By Muhammad Luqman
The people of Pakistan’s eastern city Lahore are so smitten by Turkish Television series revolving around the character of Turk warrior , Ertugural that they have erected the hero’s statue in southern neighborhood of Marghzar colony .
The TV series, Ertugrul Ghazi, originally Dirilis: Ertugrul in Turkish is being aired on the Pakistan Television in Urdu language .
The warrior in the life-size statue is seen carrying a sword and riding a horse.
Muhammad Shahzad Cheema, the president of the Maraghzar Housing Scheme, says he decided to erect the statues of Ertugrul after some of the residents floated the idea of paying a tribute to him.
” We have got two statues of fiber and steel fabricated in the central Punjab town of Kamalia which is otherwise known for special cloth, Khaddar,” he explains.
Of these, the one that depicts Ertugrul on a horse has been erected and unveiled while the other is going to be erected soon possibly at a central place.
“We will call the place Ertugrul Ghazi Chowk,” says Sohail Anwar Rana, the secretary general of the scheme, referring to the location where the first statue has been unveiled.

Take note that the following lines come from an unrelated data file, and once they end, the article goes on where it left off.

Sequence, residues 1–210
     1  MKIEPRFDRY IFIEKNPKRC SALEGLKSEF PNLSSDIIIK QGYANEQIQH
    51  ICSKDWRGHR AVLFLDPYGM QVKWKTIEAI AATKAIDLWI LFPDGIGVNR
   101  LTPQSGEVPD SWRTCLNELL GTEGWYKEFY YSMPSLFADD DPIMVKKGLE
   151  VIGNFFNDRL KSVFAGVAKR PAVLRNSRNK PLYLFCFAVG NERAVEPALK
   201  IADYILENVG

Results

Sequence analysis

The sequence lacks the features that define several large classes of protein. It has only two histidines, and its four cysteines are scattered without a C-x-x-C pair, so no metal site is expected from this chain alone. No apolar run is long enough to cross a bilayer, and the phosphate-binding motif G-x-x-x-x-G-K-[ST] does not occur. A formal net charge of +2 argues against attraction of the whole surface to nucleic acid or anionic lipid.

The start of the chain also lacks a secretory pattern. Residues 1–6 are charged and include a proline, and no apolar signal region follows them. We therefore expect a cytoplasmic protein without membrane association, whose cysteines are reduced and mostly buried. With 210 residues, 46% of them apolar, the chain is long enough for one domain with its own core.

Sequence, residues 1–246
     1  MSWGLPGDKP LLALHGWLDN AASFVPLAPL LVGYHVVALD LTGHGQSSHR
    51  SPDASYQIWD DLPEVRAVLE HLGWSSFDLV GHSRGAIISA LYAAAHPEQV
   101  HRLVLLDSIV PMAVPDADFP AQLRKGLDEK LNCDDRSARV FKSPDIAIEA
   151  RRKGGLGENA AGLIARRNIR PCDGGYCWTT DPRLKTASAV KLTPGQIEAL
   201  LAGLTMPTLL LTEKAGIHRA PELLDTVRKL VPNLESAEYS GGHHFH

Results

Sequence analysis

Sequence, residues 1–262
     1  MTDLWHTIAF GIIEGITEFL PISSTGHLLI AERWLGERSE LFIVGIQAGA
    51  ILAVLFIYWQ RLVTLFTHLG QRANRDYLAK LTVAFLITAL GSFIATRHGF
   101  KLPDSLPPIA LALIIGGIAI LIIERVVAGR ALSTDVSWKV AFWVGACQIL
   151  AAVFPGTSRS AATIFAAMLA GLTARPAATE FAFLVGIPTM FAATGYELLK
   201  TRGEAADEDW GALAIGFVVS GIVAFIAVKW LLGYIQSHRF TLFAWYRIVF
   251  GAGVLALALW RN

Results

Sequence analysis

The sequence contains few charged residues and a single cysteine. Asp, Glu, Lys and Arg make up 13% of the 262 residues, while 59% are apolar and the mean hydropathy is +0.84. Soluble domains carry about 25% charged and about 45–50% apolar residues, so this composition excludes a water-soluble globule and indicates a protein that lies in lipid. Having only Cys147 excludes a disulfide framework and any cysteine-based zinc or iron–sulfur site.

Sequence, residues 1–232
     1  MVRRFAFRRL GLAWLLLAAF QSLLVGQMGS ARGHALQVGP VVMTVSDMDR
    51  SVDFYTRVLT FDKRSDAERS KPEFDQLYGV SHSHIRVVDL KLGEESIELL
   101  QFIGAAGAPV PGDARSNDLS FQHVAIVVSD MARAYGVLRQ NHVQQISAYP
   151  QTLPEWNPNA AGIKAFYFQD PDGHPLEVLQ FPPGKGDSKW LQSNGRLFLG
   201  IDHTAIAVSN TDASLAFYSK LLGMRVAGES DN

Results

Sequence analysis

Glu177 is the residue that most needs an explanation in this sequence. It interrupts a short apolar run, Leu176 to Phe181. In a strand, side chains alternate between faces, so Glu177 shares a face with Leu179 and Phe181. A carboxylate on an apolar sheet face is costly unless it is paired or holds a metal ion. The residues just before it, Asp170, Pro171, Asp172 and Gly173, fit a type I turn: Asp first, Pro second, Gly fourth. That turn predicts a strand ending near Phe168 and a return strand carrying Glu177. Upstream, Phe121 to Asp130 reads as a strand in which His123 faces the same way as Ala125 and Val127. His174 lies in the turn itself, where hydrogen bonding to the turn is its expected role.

In a country like Pakistan where majority of population is Muslim, statues are found mostly inside museums, not on the roads. In the Lahore city, only one is seen on the central Lahore road of the Mall i.e. the statue of Alfred Woolner, a professor of Sanskrit and vice-chancellor of the Punjab University.
The other statue installed inside 17th century Lahore Fort last year , is of 19th century ruler of Punjab, Maharaja Ranjit Singh that was vandalized by some persons days after its erection.
But in the past, Lahore had been a home to busts and statues of various personalities , mainly those from the British raj period.
Soon after the creation of Pakistan , when anti-British and Hindu emotions ran high and imperialism was still our deadliest enemy, the statues of British rulers as well as illustrious non-Muslims were damaged and removed.
During British raj period, there was a statue of Lala Lajpat Rai near Kim’s Gun on the Mall . This was damaged in 1947 and is now confined to the warehouse of the Lahore Museum.
Sir Ganga Ram, the philanthropist and engineer who built some of Lahore’s most iconic buildings, was also immortalised in marble and his statue also adorned The Mall in pre-partition days. But it was also removed after the partition.
The statue of Sir John Lawrence, the first governor of Punjab and later governor general of British India (1864-69), used to stand outside the Lahore High Court building. Holding a sword in one hand and a pen in the other hand, it was initially removed during the troubles following the hanging of Bhagat Singh and kept in the Lahore Museum. It was later moved to Britain.
There was also a statue of Queen Victoria, seated on her throne, installed at the Charring Cross intersection (Now Faisal Chowk) on The Mall. However, it was removed for the second OIC summit in February 1974 and placed in the Lahore Museum.
A sculpture of King Edward VII, depicting him riding a horse, used to sit outside the King Edward Medical College, but that is also long gone.